Emily: You know what it makes me think of in the good place, how you lose points and gain points. I feel like I would lose so many points for shopping on Amazon, but I’m hoping that I would somehow balance that out by the other things that I do in the world. I mean, look, I hate companies with questionable ethics. I also sometimes feel like I need to accommodate my disability and it’s not as easy to do that and also maintain every moral and ethical value that you have. Where is the balance? I know that we’re going to some people off here. I totally get it, but I can’t stop thinking about it. It’s just been on my mind lately. Like where’s the balance?
Kyle: I mean a common leftist talking point. I mean, I don’t know if you identify as a leftist, but it’s very common to hear in those circles that there’s no ethical consumption under capitalism and like, yeah, I guess in theory, and I knew when I say in theory, I don’t mean like maybe it’s true. I mean, like according to leftist theory, it is true. It’s just one of those things that we all have to do. The only things that we can do given the circumstances that we’re in is do our best to mitigate that. But it’s hard to do that when something like Amazon is not only the well where I am, it’s practically the only option, but it’s also frankly, the best option and they make damn sure of that, and that’s very unfortunate.
Emily: That’s half the problem is that in many cases you’re going to get the best price or you’re going to get the best deal or you’re going to get it the fastest when you need it. And there’s something to be said, especially for disabled people about having that convenience. I mean, it resonates with me so much that you said, you got eggs from Amazon so that you wouldn’t lose them on the way home across the street. You’re wasting food and money if you’re losing eggs. There’s something to be said for that too. I don’t have good answers, but I just think that the internet allows us to find ways to accommodate ourselves. Sometimes they’re not the most ethical, but they work for us. This whole world was designed not to work for us. I don’t know how sorry I am.
Kyle: I’m not very sorry on an individual level. I don’t think that the amount of shopping that I do on Amazon, if you removed me from the entire universe, I don’t think that my footprint negatively on this world via these companies would make such a difference. I do think that, places like Amazon need to be regulated more, but that’s, I think I’m not defending any institution here, but I think that the internet hit the world by storm and the world really hasn’t caught up, certainly not the United States, like we don’t even own the data we give to the companies that, and meanwhile, like if you give your birth certificate to a government agency, it’s still yours. I think part of it, a big part of it is that the world hasn’t caught up. I’m not saying that in defense of the horrible shit they do. I’m just saying that’s probably how they get away with it.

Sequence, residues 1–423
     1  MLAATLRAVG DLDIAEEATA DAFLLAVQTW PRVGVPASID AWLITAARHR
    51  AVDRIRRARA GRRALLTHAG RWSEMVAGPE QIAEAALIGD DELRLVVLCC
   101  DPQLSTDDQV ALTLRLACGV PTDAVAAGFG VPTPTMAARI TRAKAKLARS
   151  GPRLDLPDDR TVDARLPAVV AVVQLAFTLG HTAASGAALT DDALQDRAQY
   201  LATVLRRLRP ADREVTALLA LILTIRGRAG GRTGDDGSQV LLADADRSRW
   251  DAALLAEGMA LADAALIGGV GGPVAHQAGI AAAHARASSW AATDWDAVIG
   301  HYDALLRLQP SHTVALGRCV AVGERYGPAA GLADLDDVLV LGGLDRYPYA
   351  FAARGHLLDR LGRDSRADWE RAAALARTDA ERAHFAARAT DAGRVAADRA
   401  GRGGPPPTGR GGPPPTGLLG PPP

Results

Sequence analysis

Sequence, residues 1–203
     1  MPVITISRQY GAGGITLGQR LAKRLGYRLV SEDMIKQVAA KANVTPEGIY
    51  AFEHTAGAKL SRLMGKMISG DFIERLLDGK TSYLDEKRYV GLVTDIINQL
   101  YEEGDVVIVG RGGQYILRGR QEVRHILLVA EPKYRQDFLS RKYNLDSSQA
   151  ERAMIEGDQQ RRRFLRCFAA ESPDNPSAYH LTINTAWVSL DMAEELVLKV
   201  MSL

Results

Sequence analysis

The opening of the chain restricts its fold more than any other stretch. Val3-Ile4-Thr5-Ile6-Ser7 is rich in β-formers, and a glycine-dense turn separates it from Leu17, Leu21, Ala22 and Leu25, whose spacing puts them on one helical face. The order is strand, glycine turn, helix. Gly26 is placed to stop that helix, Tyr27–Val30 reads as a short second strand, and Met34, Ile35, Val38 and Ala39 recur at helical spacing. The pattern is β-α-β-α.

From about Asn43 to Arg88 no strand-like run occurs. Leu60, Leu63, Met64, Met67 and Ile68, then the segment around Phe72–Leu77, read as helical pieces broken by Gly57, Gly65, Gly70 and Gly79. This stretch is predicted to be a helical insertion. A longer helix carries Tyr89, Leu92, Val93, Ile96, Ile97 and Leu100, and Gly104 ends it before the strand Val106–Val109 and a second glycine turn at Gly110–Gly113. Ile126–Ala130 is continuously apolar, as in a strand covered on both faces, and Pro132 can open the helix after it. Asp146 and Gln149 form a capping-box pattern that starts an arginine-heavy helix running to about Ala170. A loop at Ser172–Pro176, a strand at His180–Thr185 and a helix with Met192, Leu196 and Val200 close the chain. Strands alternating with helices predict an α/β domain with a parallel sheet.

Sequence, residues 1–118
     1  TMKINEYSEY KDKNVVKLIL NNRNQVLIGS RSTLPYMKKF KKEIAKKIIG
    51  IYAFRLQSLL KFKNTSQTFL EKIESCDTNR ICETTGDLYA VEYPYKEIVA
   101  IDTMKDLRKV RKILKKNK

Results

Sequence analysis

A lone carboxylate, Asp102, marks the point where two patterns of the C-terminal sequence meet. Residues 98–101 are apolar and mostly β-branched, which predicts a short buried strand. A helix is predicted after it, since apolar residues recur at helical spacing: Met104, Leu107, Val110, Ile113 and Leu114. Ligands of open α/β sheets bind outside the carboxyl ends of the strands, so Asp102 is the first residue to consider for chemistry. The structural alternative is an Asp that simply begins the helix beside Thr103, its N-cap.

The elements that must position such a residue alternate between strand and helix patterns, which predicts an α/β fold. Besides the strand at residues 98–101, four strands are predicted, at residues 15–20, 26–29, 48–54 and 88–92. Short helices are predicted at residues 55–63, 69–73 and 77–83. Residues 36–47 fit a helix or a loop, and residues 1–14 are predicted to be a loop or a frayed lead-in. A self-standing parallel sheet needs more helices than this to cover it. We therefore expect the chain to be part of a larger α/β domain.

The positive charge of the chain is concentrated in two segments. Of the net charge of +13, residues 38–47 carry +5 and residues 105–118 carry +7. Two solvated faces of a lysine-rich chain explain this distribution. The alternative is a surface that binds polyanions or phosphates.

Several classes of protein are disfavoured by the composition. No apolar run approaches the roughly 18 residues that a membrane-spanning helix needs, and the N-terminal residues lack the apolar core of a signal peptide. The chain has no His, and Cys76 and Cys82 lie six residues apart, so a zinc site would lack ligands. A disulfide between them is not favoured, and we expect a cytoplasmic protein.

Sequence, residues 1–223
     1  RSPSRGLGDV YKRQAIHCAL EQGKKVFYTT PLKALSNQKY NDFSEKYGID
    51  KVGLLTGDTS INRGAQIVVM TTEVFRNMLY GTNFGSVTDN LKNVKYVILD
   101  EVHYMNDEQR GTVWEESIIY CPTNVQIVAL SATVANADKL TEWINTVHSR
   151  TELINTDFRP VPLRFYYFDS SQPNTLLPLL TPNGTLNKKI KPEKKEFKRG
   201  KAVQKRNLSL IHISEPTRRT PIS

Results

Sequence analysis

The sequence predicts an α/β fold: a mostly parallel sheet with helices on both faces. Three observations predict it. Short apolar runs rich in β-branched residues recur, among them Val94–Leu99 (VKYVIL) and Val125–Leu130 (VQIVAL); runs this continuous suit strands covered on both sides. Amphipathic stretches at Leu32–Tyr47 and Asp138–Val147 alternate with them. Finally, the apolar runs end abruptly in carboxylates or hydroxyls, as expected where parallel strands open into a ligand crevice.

Emily: No, you make a good point. I mean, then the other thing to consider too, is if everybody thinks the way that we think like we’re one person. It’s not that big a deal. Sorry, not sorry. Then suddenly that’s exactly how we ended up in this mess. I’m playing devil’s advocate knowing full well that I am part of the mess.
Kyle: No, I know, but I’m not sorry. I’m not sorry because a company like Amazon and a company like Apple and a company like Microsoft between those three, I mean, and Facebook too. I’m a social media manager. Facebook is like the worst company on the planet. They’re responsible for like story came out the other day, like 40% of all the misinformation comes from Facebook. I’m making that number up, but it’s some high number. It’s like everything that I do and everything that I am is directly made possible by these people, that these companies that are like objectively awful. I’m supposed to feel guilty about that. It’s like I don’t because without them, I frankly wouldn’t have a livelihood. I know I should.
Emily: Yes, I get it. I mean, there’s ethical questions about Google too, right? Especially as it pertains to agreeing with censorship of information in China and another country. I mean the list goes on and on, but like I need Google because sometimes, and I’m talking purely from a disability standpoint here. Google is what helps me when I’m researching accessibility, when I’m researching disability and health information, like I rely on Google very heavily. Then Facebook is what helps me, yes, do my job because I’m also a social media manager.
But on top of that, and this was what I originally wanted to talk about for this episode. It is what connects me with other disabled people. Like my world opened up when I had Facebook. I met disabled people at summer camp. What did I do when I got home? You find them on Facebook, you become friends with them. Then suddenly your world opens up and you go from feeling like this isolated, disabled person to realizing that the world is bigger than you. That’s how you and I met.
Kyle: That is how you and I met. That is how we were able to do this podcast.